We have a day off today. Oregon is flooding. We would have much preferred the snow storm that was predicted but it is Oregon after all. The funny thing is the rain doesn't seem to be coming down that hard, and if there's one thing us Oregonians should be used to by now it's the constant drizzle. Here's the bridge in the town I teach (picture from the local newspaper: The Sheridan Sun)
I think the river has risen high enough that the water is already spilling over it's banks but I'm not sure. It's only running a few feet below the bridge and as the weather prediction is more rain, water will over take the bridge. Since I need this bridge to get to work, I'm probably not going to work for a while. We'll see.
We were supposed to have a geometry test today over congruent triangles. The first thing one of my students did when she learned of the school cancellation was to give me a call and bemoan the fact that she couldn't take her test because she was going to rock it. Odd but awesome phone call to receive.
This brings me to something I've been worrying about. I decided to use Harold R. Jacob's Geometry: seeing, doing and understanding text book, but my school could only afford the 2nd edition. I've been happily teaching out of it though because I love it. Recently, to aid in test writing I got the 3rd edition to help me find test questions so that tests didn't take me a million years to write and much to my dismay I saw that he took a whole bunch of the proofs out of the 3rd edition. He doesn't stress them nearly as heavily in this newer edition, while I, blindly, have been battering my students over the head with the rigorous proof based curriculum of the second edition. I promised my students the proofs were important, engaging, that knowing how to do them would aid in understanding higher level math, and that learning to do proofs taught them much needed critical thinking skills. Has all my pleading, wheedling and dragging all been in vain? Do people not do proofs as much in geometry anymore? When I was doing higher level math in college, it took me forever to catch on that if and only if statements had to be proved both ways because no one in high school ever mentioned conditional statements. All of math is couched in the language of conditional statements and proofs. Isn't it still important to teach this stuff? But maybe the content of geometry itself is more important. It is true that while trying to help my students truly understand proofs, our progress through the curriculum has slowed down. But as a college prep school I don't know if I could live with myself if I didn't help students feel more prepared for college than I felt and I felt the lack of having done proofs keenly.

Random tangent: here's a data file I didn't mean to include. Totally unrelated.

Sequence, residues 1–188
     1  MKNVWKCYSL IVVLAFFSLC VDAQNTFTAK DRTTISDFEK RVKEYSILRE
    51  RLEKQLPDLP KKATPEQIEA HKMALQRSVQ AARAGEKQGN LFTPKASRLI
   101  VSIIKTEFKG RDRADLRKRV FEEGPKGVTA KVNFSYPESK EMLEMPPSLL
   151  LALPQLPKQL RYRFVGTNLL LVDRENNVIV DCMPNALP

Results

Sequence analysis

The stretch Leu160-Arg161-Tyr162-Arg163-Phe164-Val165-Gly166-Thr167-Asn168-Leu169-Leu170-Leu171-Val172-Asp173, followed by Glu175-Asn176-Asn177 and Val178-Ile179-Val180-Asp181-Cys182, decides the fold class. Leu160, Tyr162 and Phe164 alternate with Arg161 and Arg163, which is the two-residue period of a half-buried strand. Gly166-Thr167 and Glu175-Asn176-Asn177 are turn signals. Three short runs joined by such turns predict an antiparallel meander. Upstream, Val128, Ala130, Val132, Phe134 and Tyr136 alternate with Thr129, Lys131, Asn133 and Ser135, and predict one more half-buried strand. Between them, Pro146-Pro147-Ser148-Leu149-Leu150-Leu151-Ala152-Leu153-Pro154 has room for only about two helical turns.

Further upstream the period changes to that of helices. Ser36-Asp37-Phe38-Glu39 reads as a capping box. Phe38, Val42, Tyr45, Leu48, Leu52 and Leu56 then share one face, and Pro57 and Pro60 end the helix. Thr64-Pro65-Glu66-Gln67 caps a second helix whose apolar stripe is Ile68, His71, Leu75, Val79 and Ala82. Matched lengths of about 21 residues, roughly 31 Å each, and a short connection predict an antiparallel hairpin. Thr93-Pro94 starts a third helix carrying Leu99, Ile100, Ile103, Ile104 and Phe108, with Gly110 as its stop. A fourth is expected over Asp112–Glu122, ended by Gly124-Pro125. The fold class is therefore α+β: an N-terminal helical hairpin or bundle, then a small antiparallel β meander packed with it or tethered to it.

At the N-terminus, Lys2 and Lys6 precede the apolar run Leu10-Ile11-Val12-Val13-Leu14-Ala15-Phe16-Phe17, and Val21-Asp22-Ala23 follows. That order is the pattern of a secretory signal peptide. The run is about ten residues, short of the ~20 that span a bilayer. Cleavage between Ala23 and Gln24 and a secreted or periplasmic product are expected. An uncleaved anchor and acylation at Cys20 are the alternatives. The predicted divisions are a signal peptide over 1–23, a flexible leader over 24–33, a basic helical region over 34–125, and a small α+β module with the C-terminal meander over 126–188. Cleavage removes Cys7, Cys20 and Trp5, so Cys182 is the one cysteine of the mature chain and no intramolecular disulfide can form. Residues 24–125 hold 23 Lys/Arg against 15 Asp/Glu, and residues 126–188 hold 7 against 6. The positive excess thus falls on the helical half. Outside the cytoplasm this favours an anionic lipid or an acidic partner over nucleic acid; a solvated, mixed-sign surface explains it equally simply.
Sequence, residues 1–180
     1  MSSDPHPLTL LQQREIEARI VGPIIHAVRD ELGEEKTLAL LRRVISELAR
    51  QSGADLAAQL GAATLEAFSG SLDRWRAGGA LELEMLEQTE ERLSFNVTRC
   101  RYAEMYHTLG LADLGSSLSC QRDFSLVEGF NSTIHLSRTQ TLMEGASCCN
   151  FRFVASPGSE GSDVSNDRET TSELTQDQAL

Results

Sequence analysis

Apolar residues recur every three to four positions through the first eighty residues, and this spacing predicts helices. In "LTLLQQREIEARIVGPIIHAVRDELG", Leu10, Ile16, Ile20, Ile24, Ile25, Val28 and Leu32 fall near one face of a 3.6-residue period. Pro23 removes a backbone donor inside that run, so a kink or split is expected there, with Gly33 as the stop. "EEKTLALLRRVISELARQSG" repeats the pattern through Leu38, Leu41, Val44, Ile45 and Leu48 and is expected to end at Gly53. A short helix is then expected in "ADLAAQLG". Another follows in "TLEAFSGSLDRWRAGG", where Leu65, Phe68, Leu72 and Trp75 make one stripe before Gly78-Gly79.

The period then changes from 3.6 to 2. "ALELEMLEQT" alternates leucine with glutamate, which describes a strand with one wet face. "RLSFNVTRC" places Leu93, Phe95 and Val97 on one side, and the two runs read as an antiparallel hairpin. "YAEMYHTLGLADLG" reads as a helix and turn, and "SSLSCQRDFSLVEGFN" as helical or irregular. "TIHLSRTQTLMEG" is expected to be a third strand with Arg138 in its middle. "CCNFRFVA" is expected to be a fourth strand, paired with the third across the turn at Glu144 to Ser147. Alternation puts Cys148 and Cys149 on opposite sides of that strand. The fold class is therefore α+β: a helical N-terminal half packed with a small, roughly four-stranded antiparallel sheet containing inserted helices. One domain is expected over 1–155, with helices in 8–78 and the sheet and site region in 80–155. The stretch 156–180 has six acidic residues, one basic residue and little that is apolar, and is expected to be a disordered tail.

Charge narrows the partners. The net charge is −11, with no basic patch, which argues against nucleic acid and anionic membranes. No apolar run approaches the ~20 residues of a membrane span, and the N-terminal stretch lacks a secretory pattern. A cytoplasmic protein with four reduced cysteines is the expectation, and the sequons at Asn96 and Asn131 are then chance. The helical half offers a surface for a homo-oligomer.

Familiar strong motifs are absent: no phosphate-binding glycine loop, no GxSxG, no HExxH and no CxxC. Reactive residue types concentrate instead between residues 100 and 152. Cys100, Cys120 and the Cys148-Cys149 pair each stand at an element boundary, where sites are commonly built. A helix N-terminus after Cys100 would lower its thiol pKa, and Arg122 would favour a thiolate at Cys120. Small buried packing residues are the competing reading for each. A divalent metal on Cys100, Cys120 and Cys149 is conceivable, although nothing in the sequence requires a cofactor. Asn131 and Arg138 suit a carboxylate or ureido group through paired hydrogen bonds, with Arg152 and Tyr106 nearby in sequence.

Well, I guess I'll use my day off to have all sorts of fun- like plan my next algebra 1 unit... Yay.